Clients of the American security firm Stratfor got a rude awakening at Christmas when they found out that the hacker group known as "Anonymous" obtained information on thousands of the firm's clients.
The hacker group "Anonymous" claims to have penetrated the American security firm Stratfor and stolen private credit card numbers, emails, passwords, and addresses from a number of the firm's clients.
Some of the information was published online via the network Twitter, where users were encouraged to download the information. In other cases, unauthorized charges were made to credit cards for payments to charitable organizations such as CARE and the American Red Cross.
According to statements posted online by the hackers, obtaining the data was made much easier for them by the fact that Stratfor did not encrypt its data.
Since the cyber-attack on Sunday, Stratfor's website has been taken down and replaced by the company's logo and a message that says the "site is currently undergoing maintenance."
More data abuse to come?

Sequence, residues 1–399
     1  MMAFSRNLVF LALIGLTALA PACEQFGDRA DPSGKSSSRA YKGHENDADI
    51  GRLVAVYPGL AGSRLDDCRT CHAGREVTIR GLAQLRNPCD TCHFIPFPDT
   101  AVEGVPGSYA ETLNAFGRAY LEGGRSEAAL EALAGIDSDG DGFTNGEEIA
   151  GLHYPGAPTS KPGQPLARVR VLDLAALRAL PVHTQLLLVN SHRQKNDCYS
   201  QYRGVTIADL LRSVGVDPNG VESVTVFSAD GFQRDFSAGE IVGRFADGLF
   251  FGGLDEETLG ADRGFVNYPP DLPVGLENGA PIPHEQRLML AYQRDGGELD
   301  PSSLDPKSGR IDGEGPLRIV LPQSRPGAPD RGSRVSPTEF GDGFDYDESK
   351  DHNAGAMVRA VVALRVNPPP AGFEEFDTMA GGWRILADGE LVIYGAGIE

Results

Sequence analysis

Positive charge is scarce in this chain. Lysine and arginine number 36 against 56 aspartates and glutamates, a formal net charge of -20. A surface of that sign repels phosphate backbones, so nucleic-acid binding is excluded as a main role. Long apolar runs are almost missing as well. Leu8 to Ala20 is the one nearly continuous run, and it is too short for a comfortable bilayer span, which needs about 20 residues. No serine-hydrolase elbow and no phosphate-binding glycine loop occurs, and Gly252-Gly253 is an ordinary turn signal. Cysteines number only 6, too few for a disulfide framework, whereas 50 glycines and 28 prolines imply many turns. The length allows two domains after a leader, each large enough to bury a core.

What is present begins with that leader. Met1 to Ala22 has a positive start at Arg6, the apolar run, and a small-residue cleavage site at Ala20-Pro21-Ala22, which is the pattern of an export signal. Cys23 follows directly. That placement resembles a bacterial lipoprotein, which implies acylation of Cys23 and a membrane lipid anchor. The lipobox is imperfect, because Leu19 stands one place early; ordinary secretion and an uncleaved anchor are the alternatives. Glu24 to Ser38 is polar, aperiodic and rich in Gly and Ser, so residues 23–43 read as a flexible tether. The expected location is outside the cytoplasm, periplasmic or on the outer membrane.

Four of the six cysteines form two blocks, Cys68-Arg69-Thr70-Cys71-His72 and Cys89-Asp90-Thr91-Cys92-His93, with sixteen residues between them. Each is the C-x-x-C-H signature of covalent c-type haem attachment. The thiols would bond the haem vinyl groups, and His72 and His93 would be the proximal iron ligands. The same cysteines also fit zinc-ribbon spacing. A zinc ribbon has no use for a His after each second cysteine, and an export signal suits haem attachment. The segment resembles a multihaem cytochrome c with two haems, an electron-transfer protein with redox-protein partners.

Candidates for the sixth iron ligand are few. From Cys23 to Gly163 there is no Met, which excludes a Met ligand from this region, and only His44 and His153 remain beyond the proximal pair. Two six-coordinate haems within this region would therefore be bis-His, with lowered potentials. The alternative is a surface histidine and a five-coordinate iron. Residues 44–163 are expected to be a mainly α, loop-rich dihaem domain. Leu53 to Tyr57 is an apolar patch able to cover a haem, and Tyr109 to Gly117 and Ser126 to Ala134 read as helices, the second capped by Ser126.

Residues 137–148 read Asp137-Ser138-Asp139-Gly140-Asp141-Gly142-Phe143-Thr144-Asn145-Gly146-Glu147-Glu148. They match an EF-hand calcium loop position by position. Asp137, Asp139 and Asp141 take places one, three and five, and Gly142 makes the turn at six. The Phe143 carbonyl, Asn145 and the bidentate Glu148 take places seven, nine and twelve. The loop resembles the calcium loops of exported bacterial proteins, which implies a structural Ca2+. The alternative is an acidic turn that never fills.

Posts to Twitter indicated that Anonymous had only published a fraction of the stolen data it was able to maintain. All told, Anonymous says it has 200 gigabytes of information on 4,000 of the company's clients.
Among the companies and institutions affected are the United States Air Force, the Miami Police Department, the Defense Intelligence Agency, and computer firms Apple and Microsoft.
Stratfor offers clients reduced risk through political, economic and military analysis reports.
The incident has been reported to law enforcement agents and is being investigated, said Fred Burton, Stratfor's vice president of intelligence.
But he added that "hackers live in this kind of world where once they fixate on you or try to attack you it's extraordinarily difficult to defend against."
Author: Matt Zuvela (AP, AFP)
Editor: Ben Knight
After a series of police-related deaths, a new smartphone app is designed specifically for filming encounters with police officers. The app is just the latest digital tool intended to keep citizens safe.
While meeting in Geneva this week, 140 nations that have teamed up to ban pesticides and other hazardous substances are determined to end the use of even more chemicals. DW takes a look at some of the most dangerous.
The Ugandan government wants hydroelectric dams to generate much-needed electricity. But the planned Isimba Dam would flood ecosystems, harming the environment and tourism. Is it a question of ecotourism versus energy?
Baba Brinkman is nature's entertaining and fast-paced voice. He says rap is the genre of choice to deliver the message about environmentalism because it has more words per minute than other music styles.